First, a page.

Independently published from 2009 to 2018, Original Plumbing grew from a Bay Area zine to a nationally acclaimed print quarterly dedicated to trans men. For nearly ten years, the magazine was the premier resource focused on their experiences, celebrations, and imaginations, featuring writing on both playful and political topics like selfies, bathrooms, and safer sex; interviews with queer icons such as Janet Mock, Silas Howard, Margaret Cho, and Ian Harvie; and visual art, photography, and short fiction.


June

All City by Alex DiFrancesco 
(9781609809393, Seven Stories Press, p/b, £12.99)

In a near-future New York City in which both global warming and a tremendous economic divide are making the city unlivable for many, a huge superstorm hits leaving behind only those who had nowhere else to go and no way to get out. Here Makayla, a 24-year-old woman who works at the convenience store chain that’s overtaken the city; Jesse, an 18-year-old genderqueer anarchist punk who lives in an abandoned IRT station in the Bronx; and an unnamed, mysterious street artist who paints the suffering of those left behind into the world’s consciousness, all struggle to rebuild their lives in a city that has left them for dead. When they carve out a small space of reprieve in an abandoned luxury condo, it is only a matter of time before those who own the building come back to claim what is theirs.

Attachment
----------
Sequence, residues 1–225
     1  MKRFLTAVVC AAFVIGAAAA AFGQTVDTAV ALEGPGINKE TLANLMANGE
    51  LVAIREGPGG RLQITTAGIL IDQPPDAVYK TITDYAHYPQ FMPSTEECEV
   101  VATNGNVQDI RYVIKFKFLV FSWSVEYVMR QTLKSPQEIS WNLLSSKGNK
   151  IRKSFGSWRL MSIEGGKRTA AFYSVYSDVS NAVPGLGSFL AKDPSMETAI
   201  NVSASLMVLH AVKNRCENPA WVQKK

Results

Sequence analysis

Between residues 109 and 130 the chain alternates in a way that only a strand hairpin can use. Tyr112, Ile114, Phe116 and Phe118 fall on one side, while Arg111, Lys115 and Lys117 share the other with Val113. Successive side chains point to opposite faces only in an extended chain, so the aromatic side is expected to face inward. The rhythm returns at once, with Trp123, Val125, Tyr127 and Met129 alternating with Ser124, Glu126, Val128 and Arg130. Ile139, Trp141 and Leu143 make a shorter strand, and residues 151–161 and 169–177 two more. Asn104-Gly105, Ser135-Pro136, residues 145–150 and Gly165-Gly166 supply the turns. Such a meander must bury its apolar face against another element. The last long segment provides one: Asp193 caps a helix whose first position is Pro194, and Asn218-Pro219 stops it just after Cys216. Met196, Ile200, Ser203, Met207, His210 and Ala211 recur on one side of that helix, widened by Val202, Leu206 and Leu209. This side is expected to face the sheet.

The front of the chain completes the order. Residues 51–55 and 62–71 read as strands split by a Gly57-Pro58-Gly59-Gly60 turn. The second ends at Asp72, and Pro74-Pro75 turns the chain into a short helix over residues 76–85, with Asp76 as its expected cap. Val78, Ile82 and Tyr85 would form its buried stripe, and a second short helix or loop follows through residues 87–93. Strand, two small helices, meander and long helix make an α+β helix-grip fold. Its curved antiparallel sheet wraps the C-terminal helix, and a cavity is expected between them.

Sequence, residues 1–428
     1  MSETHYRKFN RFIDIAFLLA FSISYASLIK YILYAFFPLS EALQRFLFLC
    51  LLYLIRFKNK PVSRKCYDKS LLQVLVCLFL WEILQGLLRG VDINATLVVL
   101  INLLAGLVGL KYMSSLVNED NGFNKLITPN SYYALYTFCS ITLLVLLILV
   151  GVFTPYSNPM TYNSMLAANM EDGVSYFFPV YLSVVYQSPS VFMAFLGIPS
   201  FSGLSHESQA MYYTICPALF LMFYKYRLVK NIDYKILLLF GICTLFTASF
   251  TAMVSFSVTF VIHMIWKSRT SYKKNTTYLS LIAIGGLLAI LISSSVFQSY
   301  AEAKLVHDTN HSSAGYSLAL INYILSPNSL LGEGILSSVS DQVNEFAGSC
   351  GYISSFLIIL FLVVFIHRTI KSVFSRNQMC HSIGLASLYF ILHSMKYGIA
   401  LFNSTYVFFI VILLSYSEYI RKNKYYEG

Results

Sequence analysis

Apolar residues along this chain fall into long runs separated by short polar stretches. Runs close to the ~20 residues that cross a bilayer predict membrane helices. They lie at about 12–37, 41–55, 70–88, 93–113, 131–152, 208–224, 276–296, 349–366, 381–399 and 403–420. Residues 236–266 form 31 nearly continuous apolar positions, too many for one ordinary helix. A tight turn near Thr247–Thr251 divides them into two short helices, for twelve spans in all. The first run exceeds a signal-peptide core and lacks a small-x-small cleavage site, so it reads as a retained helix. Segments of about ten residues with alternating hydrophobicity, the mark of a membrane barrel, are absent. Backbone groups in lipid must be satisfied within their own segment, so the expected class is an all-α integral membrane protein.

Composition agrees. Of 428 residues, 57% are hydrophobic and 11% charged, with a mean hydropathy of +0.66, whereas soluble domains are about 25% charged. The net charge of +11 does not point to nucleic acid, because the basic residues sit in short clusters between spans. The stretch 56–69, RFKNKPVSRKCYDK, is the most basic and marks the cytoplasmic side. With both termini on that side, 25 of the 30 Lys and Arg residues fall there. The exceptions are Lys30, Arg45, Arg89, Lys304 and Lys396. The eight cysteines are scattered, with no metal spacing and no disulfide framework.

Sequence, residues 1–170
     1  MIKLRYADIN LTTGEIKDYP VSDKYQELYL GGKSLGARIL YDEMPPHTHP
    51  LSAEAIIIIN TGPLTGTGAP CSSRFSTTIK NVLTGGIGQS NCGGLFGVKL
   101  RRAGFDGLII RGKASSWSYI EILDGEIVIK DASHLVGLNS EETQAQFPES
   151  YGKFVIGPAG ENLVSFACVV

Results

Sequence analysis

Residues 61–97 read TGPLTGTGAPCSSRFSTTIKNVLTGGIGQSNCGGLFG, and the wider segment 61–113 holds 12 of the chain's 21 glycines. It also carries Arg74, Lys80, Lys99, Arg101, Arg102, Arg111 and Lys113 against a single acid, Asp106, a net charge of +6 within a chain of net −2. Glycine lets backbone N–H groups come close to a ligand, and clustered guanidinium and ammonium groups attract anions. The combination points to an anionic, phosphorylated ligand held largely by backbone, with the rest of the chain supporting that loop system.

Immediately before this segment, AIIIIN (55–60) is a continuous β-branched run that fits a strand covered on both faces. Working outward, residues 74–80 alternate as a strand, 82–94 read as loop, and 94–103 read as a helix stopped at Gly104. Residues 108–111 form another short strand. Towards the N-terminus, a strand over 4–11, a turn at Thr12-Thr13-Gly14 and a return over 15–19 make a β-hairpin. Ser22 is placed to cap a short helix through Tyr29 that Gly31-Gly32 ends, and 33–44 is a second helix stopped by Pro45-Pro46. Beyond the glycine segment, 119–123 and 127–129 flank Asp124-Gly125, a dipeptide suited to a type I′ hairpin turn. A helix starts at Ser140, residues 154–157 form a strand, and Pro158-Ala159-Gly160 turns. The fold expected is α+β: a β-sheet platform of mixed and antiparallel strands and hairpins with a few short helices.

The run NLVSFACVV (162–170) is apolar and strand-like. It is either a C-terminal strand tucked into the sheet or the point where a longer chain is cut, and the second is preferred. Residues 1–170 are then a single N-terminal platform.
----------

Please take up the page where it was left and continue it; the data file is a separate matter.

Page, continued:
Affair of the Mysterious Letter by Alexis Hall
(9780440001331, Ace, p/b, £12.99)

Upon returning to the city of Khelathra-Ven after five years fighting a war in another universe, Captain John Wyndham finds himself looking for somewhere to live, and expediency forces him to take lodgings at 221b Martyrs Walk. His new housemate is Miss Shaharazad Haas, a consulting sorceress of mercurial temperament and dark reputation. When Miss Haas is enlisted to solve a case of blackmail against one of her former lovers, Miss Eirene Viola, Captain Wyndham finds himself drawn into a mystery including criminals, pirates, vampires, mad gods, and a shark.